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THE WALL di­rected by Doug Li­man

There’s some­thing ad­mirable in the sheer sparse­ness of Doug Li­man’s war thriller.

It is set not on the Mex­i­can bor­der but on some dusty plain in Iraq, circa 2007. Two US sol­diers (Aaron Tay­lor-John­son and John Cena) are pinned down by an un­seen ghost-like sniper with a fond­ness for mind games and quot­ing Edgar Al­lan Poe. It’s a bat­tle of for­ti­tude, not arms, as dust, heat and fes­ter­ing wounds put ever-in­creas­ing pres­sure on the pair. Short, sharp and well made, The Wall man­ages to achieve max­i­mum ten­sion with­out ever leav­ing the fox­hole. James Robins IN CIN­E­MAS NOW

IN BE­TWEEN di­rected by Maysa­loun Hamoud

A girl-power chick flick for grown-ups, this en­gag­ing if oc­ca­sion­ally dis­or­gan­ised Is­raeli-French co-pro­duc­tion de­fies genre clichés as it dips into the lives of three Arab-Is­raeli women in Tel Aviv. Along the way, it pro­vides an en­gross­ing por­trait of daily life and the chang­ing so­cial land­scape (though, in­ter­est­ingly, it is de­void of any ref­er­ence to eth­nic and re­li­gious ten­sions). Layla, a chic lawyer, and her bestie flat­mate, Salma, a hospo worker and DJ, are party girls whose strictly sec­u­lar lives look to be up­ended when a hi­jab-wear­ing con­sci­en­tious coun­try cousin comes to stay. But the film’s dra­matic ten­sions de­rive from the men­folk whose pre­ten­sions to piety or lib­er­al­ism are pa­per-thin. Peter Calder IN CIN­E­MAS NOW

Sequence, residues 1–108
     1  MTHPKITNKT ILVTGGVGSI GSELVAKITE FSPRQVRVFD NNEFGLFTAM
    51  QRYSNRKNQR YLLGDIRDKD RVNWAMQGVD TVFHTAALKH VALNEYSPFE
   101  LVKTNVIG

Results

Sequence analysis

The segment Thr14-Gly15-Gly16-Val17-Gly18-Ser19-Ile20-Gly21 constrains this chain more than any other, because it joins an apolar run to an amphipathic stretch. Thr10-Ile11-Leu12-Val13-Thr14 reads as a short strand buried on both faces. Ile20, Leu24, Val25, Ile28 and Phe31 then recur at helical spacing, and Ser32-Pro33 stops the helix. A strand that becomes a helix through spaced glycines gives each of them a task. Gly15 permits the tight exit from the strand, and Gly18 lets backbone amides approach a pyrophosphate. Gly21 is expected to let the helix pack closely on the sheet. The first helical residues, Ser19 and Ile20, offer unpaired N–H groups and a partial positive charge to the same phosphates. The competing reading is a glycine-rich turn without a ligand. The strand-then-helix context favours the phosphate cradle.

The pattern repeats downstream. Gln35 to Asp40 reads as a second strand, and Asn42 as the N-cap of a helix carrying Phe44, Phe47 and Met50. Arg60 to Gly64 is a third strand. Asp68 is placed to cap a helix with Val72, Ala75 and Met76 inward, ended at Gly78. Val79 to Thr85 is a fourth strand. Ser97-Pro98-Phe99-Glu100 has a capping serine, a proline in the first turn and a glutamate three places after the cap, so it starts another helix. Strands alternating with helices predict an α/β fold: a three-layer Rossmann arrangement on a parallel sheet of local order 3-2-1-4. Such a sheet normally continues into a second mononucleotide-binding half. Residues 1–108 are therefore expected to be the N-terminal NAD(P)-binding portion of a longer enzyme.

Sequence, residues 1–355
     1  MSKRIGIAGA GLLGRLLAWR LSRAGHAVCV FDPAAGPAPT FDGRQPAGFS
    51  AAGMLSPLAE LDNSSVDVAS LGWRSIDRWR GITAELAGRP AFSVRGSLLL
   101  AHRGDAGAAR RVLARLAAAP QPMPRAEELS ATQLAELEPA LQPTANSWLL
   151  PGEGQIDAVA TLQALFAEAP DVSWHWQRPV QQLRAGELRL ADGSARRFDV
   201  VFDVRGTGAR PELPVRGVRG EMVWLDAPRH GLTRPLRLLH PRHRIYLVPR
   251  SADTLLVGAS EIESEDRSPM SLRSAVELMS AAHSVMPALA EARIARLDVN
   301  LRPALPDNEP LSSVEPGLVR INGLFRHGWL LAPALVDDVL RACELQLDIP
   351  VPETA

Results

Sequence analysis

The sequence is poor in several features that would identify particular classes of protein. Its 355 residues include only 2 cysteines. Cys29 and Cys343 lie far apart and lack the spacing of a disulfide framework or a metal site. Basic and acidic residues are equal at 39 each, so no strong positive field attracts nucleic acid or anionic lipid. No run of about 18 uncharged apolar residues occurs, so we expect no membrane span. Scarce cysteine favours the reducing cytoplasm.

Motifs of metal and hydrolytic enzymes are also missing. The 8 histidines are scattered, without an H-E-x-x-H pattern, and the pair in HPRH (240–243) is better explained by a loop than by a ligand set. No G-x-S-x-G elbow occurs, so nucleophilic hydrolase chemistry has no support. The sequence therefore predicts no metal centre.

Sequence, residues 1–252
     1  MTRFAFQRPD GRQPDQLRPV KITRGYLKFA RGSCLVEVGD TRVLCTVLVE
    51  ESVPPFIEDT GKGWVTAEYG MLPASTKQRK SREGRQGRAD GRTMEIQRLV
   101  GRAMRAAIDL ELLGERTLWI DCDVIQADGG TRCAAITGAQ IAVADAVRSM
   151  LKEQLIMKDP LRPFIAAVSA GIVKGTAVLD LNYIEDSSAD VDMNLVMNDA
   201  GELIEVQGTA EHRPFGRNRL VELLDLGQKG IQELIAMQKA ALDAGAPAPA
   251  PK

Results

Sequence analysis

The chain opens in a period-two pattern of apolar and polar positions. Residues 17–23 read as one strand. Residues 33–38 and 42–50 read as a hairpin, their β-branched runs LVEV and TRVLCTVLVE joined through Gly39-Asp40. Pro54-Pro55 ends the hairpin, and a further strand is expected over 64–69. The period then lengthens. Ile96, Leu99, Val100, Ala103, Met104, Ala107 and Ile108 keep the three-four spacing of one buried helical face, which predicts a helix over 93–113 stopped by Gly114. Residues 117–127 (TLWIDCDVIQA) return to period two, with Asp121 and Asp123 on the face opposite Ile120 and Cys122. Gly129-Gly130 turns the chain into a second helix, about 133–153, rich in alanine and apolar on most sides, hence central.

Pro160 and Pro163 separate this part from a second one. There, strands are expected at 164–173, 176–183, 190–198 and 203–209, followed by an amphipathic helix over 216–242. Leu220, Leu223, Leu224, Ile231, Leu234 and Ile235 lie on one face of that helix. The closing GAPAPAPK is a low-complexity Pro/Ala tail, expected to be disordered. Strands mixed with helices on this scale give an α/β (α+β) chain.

The Wall: a bat­tle of for­ti­tude.

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